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Monday, January 14, 2013

Blogging and Platforms

I can't help it. I hate using the word "platform" or "tribe" to describe my readers. To me it makes it sound like my fans are nothing more than a launching point to my success. Of course, my success as a writer in sales is totally in my fan's hands. And I know what having a platform means. It isn't what some people may think it means. But I've been giving this some thought of late. Would appreciate any input from folks, especially readers who venture forth to read this.

Platform is more building a following to prepare to launch your next book(s). Not to increase sales of existing books, though if that happens, few authors are going to squawk about it. The goal, however, is to grow a base of interested followers so that when that new book comes out, you will have developed a relationship with potential readers who will likely be more inclined to not only give your book a try, but to become part of the "tribe" and promote it through reviews and telling others about it through their contacts. It primes the pump for a good book to get some traction.

The problem has been for fiction writers that this process is more designed for non-fiction. People who have an interest in how to raise platypuses, for instance, give someone with a book on that topic a natural focus to their blog. Since non-fiction tends to be topical, any blog about it focuses on that topic. But what does a fiction writer focus on? Our goal isn't to inform on a specific topic, but entertain people with a good story.

When I started this blog, initially I figured it would be an easy way for people to follow my announcements on short stories being published, or other milestones in my writing life. I wasn't looking to gain a huge blog following. It was primarily to be a "news about my writing and coffee adventures" blog. The coffee part never took off though I'm still drinking it. As I progressed in my blogging experience, I heard you should have more than just that if you want people to read it. They need to have something to come there for. Okay, that sounded logical, so I began doing a series of articles on various topics. Writing tips, book reviews, opinion pieces on writing topics, among other things thrown in here and there. All intended to give my blog some value. That has worked to a degree, but not like gang busters.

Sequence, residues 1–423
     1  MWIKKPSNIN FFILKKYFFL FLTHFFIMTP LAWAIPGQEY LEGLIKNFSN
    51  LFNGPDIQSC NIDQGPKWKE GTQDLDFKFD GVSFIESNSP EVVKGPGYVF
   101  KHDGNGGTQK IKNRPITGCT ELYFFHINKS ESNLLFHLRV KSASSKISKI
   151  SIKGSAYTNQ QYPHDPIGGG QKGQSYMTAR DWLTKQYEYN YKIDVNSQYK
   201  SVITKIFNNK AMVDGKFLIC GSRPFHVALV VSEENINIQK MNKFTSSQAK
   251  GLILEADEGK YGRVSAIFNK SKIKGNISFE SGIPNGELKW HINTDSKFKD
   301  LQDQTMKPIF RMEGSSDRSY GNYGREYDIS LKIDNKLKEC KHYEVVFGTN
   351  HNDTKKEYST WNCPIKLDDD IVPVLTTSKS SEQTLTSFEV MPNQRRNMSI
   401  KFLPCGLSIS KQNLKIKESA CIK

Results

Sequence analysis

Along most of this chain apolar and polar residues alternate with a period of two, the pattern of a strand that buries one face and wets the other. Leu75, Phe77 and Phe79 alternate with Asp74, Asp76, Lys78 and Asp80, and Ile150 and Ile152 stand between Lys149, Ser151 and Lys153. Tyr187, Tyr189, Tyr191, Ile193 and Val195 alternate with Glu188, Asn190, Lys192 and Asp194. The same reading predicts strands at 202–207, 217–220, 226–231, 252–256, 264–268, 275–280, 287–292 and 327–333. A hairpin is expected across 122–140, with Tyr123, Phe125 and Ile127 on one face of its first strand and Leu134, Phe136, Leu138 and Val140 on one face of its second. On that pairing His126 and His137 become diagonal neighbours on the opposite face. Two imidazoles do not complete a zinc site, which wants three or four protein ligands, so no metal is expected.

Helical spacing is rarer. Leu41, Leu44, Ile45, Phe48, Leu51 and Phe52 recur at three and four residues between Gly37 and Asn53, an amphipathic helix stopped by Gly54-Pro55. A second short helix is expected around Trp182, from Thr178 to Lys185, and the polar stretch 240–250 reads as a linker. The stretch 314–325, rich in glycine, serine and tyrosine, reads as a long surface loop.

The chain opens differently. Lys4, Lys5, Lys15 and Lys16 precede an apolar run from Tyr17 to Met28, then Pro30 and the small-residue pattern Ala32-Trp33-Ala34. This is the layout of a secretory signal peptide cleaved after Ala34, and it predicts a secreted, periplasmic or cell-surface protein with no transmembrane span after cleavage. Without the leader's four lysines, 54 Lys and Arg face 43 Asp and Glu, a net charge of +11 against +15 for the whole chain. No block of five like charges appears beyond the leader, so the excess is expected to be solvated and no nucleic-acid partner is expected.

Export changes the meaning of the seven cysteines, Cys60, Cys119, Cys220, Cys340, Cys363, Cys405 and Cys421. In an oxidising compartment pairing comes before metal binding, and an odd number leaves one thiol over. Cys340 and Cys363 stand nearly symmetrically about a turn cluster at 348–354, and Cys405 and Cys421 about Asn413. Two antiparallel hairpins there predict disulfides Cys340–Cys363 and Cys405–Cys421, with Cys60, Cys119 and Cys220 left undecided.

One thread that grew was some how-to articles for writers. My most popular post of all time was how to set up Open Office to write novels by using it to do what a lot of writing software does, like automatically renumbering chapters when you move them around. It has only been surpassed in a month twice, currently during this month by two other how-to articles on creating a mobi file and uploading to Amazon, and using Open Office and Calibre to create ebooks. The popularity of these articles led me to write the book How to Make an Ebook: Using Free Software, which has been my best seller.

All well and good. Still, that is mostly targeting writers. While writers are often avid readers themselves, they represent only a tiny fraction of the total readers out there. Those coming here to find my how-to articles are not in the mindset to grab my fiction while they're at it. So while the non-fiction sales and how-to articles are great, that doesn't build any kind of platform for my fiction.

So what kind of platform does a fiction writer build? I've heard two main responses to that, three...three responses. One, "I don't know." Two, "You can't build a platform for fiction, that is only a non-fiction process." Three, "A fiction author him or herself is the 'brand' and you've got to sell yourself."